I went the first 38 years of my life without ever owning a dog.
Then, in 2003, Dixie came into our life.
I had always been a cat person. When Gena and I married, part of her dowry was Doremi, who became a part of my family until he died in 2001. Shortly after his passing, we got two new kittens, Simon and Garfunkel. We lost Garfunkel in early 2011, and we had to have Simon put down two weeks ago. That was hard.
But it was no comparison to today.
I am out of town, just as I was two weeks ago when the decision was made about Simon. But when I left home this weekend, I knew. Dixie, now 11 years old, more or less, was clearly not well.
In the fall of 2003, we knew that my parents' dog Smokie was going to come live with us for a while until my folks could move to Texas. Our family was at the State Fair of Texas, and we saw an exhibit hosted by the Humane Society. The kids (and Gena, no doubt) convinced me that Smokie would need a friend, and a big blond mutt the Humane Society folks had named Josie seemed to take a real liking to me. OK, she was crazy about our whole family, but I always knew she had a special affection for me... trust me on this one. We ended up signing the papers, and for the first time in my life, I was a dog owner. It took a day to handle the details, and the next day I drove to Dallas and drove her (now named Dixie by family vote) home to stay.
Dixie grew into a huge dog. I loved to tell friends, when they asked her breed, that she was "half golden and half pig." Despite her size, she thought she was a lap dog, leaping onto any member of our family who sat down. She was well behaved, loyal, loving, and friendly. She was all those stereotypical things I had always heard (and never really believed) about a family dog. I was smitten.
A few years ago, our family added yet one more pet, Sophie the dachshund. Dixie and Sophie took to each other immediately, a female canine version of Mutt and Jeff. Walking the two of them was an adventure and a pleasure.
About a year and a half ago, it became clear that the elderly Dixie could no longer jump up on our bed, but she seemed perfectly happy to sleep on the cushioned chair at the foot of our bed. A week and a half ago, she could no longer get on the chair, sleeping instead on the floor. Through it all, she was loving and seemed happy, if slower to get up.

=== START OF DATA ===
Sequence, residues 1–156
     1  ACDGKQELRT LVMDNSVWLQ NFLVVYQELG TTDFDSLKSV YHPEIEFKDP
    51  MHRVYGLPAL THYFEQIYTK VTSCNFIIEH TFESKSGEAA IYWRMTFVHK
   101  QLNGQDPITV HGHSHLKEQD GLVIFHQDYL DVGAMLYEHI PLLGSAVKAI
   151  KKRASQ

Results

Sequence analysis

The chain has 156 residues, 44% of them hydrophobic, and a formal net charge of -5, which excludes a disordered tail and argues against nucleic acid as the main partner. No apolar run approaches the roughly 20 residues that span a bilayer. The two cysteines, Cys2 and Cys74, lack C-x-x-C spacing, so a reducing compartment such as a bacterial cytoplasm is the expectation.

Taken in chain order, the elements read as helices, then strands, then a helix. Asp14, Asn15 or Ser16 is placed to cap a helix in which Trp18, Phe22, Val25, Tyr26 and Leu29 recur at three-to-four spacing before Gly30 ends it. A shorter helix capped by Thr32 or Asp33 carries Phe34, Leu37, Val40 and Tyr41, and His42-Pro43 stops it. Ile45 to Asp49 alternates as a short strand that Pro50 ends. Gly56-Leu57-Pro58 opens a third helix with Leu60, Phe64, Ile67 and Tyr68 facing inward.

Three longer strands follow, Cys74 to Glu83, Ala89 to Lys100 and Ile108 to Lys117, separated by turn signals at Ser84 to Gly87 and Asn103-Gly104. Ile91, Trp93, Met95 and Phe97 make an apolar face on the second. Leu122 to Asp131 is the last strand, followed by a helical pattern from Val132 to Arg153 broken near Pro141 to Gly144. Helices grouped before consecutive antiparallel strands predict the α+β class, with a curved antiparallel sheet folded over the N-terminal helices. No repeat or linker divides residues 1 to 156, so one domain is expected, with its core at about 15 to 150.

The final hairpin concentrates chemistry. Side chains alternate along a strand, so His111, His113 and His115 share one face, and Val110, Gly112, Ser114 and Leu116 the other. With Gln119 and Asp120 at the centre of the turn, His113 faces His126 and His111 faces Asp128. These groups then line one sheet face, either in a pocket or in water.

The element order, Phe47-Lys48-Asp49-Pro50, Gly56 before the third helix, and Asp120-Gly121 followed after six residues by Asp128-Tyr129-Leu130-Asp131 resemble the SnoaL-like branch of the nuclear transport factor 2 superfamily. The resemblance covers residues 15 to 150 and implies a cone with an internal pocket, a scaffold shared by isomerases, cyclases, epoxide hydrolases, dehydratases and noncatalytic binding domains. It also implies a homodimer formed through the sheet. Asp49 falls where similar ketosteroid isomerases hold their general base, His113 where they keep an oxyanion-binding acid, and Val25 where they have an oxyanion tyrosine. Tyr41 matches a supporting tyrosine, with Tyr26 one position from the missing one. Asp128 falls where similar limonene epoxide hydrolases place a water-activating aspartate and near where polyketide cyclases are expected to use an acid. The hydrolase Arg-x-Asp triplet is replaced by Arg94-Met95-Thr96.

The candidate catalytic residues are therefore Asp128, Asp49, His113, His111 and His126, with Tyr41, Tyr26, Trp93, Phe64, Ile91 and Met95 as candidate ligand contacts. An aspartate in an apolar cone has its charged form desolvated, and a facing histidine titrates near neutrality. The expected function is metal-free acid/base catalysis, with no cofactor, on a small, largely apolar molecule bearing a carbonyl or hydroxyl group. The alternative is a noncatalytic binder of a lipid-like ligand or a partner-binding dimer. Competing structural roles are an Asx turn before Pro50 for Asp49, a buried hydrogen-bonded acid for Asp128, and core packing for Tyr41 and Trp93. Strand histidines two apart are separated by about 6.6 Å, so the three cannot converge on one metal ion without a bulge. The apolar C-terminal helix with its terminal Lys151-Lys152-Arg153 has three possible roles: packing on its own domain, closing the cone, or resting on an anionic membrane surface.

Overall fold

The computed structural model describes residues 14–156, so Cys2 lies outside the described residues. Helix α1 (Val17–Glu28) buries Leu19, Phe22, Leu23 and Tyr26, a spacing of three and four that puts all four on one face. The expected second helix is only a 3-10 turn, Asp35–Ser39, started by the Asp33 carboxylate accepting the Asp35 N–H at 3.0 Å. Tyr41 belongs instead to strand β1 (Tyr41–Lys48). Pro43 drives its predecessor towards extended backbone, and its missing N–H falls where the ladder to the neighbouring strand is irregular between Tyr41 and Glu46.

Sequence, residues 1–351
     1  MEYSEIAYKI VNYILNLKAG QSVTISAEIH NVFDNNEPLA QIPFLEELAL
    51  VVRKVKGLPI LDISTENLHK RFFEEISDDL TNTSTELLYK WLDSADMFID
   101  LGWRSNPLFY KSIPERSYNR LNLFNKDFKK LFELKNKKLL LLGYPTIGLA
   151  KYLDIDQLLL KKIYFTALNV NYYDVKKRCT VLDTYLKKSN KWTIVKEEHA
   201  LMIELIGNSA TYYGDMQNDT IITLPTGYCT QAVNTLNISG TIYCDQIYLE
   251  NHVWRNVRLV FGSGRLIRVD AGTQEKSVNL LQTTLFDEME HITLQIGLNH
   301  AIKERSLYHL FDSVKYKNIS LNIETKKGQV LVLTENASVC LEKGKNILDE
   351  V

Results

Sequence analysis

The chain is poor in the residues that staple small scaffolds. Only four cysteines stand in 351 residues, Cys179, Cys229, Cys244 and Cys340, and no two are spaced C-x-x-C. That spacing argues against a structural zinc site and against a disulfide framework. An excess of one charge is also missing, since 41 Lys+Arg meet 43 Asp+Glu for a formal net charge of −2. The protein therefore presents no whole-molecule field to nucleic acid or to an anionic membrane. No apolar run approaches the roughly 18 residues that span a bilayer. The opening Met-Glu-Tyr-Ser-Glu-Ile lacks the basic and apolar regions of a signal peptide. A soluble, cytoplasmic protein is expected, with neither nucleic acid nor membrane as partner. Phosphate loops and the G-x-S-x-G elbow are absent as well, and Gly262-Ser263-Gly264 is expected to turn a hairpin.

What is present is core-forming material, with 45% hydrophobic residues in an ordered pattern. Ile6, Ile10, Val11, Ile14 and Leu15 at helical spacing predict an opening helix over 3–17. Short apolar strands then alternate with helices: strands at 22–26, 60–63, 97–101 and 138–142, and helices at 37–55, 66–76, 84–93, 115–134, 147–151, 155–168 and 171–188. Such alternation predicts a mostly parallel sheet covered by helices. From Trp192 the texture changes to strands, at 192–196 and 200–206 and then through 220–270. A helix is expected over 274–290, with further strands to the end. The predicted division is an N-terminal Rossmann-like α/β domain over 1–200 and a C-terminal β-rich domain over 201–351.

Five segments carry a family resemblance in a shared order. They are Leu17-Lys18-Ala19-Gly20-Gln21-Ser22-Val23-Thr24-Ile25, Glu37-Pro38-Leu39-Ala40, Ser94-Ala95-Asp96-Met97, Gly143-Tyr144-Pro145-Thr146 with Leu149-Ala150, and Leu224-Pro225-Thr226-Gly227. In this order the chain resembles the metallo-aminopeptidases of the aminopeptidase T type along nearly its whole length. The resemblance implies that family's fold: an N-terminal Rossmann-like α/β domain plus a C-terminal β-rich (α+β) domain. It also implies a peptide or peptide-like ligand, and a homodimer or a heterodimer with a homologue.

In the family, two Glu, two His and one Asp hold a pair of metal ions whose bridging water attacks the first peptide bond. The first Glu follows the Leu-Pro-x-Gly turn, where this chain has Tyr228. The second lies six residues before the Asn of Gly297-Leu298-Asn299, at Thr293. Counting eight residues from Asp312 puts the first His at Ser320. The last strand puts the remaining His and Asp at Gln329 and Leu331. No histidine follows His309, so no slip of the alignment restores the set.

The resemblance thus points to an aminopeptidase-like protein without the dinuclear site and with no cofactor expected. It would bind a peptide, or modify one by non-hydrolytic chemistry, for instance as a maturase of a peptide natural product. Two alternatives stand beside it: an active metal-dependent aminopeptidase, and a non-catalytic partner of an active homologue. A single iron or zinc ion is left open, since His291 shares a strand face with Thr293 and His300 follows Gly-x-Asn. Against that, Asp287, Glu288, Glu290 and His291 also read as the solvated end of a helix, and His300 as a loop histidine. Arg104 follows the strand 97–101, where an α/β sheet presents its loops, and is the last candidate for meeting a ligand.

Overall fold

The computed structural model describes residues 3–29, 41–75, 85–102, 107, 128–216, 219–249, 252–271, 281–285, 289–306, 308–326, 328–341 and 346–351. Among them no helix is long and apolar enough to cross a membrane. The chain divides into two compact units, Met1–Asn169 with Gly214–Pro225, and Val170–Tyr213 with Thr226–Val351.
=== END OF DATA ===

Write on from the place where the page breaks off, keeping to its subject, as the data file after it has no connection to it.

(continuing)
By Sunday, when I left home, it appeared that her legs barely could hold her up. She would lie down to eat. Having no personal experience with this kind of thing, I did not know know for sure... but I knew. I did not use the word "good-bye," exactly, but I made sure to spend some time with Dixie before I left town. This morning, Gena and the girls took her to the vet. The word came back quickly - cancer. At least two tumors. At her age and weight, Dixie might well not survive any kind of surgery, and surgery would most likely reveal still more tumors. It would not be curable. The end was here. A painful death surely awaited unless our family exercised responsible pet ownership to end her suffering.
As I was out of town, it fell to Gena, who (with some logical help from the girls) made the right decision.
I won't see Dixie again.
As I say, I have always considered myself a cat person. I made fun of "Turner and Hooch" as a "silly boy-and-his-dog movie." I have lost cats before, one as recently as two weeks ago. This is different. I sit here, far from home in a Hilton hotel room, and grieve.
I don't believe that dogs have souls. I don't know if or how we will have pets in eternity. But I know that there is an empty place that I have never before experienced. I know now what it means to lose a dog. All those friends before who have gone through this with absolutely no empathy from me - well, now I understand.
August 21 will always be for me, with apologies to The Band and Joan Baez, the day they put old Dixie down. I am better for having known her, and I will miss her. That seems awfully silly for a grown man to say, but I am guessing that you dog lovers understand.